In his book A Simple Government, former Arkansas governor Mike Huckabee (who won the door prize in the 2008 election: his own TV show) praised Reagan’s mastery of the economy and the federal budget: “When President Reagan cut the top [income tax] rate from 70% to 28%, revenues went from $517 billion in 1980 to over a trillion in 1990. When the Reagan tax cuts took effect in 1983, real growth (not just inflationary growth) jumped 7.5% in 1983 and 5.5% in 1984 after no growth in 1981 and 1982. Our GDP grew by a third during Reagan’s two terms.”
Well, yes and no (but mostly no). Reagan wasn’t president for 10 years (it just seemed that way). Inflation alone in Reagan’s eight years would have raised the value of $599 billion of revenue to $780 billion, even if the real economy had flatlined. It’s true that the G.D.P. grew by a third during Reagan’s two terms. In the two terms that followed (George Bush and Clinton I), it rose by nearly as much, and in Clinton’s last term it soared.
The notion that Reagan “had overcome a childhood of modest means and adversity” is Ryan’s way of paying obeisance while avoiding the facts. Huckabee’s strategy for accomplishing the same thing is to confuse the issue with random statistics that don’t even match those of the Government Accountability Office. Texas governor Rick Perry tries a third approach. He concedes that Reagan deserves part of the blame for repeated Republican failures to live up to their promises. Nevertheless, he maintains inhis recent book, Fed Up!: Our Fight to Save America from Washington, that Reagan “inspired a generation of Americans—including me—to remember the rugged individualism and self-determination that made this country great.” In what way, exactly, did Reagan demonstrate “rugged individualism” (except by having his picture taken on a horse)? Paul Ryan says that “we loved President Reagan … because he was one of us.” Ryan never says exactly who “us” is. But if words have meaning at all, it sounds like the opposite of rugged individualism.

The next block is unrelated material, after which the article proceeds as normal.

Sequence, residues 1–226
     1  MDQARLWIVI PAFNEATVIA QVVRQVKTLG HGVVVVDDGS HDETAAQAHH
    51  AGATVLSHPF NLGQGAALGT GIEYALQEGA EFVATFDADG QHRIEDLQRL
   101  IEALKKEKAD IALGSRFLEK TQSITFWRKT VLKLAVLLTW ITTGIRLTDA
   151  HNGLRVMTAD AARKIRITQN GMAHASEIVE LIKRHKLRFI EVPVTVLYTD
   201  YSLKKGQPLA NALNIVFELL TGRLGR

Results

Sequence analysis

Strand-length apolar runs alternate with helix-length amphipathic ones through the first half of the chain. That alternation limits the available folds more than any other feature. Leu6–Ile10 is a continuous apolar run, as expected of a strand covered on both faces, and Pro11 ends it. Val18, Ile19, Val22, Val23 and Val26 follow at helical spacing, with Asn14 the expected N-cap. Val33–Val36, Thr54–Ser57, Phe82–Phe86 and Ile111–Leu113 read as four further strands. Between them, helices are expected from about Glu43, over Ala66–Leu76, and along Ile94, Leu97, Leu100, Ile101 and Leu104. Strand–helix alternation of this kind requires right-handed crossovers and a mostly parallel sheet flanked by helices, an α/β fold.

But didn’t Reagan save us from Communism? We can argue about that (I’ll take the “no” side). But he passed up all sorts of military opportunities to which his successors of both parties have succumbed. The only war he started was the quickie war in Grenada. In that sense, the Reagan administration was a golden age of peace.
If it’s Hillary Clinton versus Rand Paul in 2016, it will be a Democratic hawk versus a Republican dove—a complete reversal of the natural order of things since World War II. Paul stands accused of trying to distance himself from some of the nuttier views of his father, the Libertarian Godfather, Ron Paul. However, Rand let Ron write the foreword to his recent book, Government Bullies, a collection of horror stories about loutish behavior by government agencies. Like many journalists, I find Rand Paul oddly appealing. It’s mainly because he’s something new in the tired stew of the 2016 campaign so far. But it’s also partly that he can’t hide his frustration—a trait that he shares with his father (and that is characteristic of libertarians in general), commonly exhibited when what he and they regard as obviously sensible opinions and proposals are challenged.
I’d bet that both Pauls, Ron and Rand, hold Ronald Reagan in contempt for having squandered a historic opportunity to do all sorts of unattractive libertarian things. But rules are rules: the first two words in Rand Paul’s book are “Ronald Reagan.” Right after the foreword by his dad.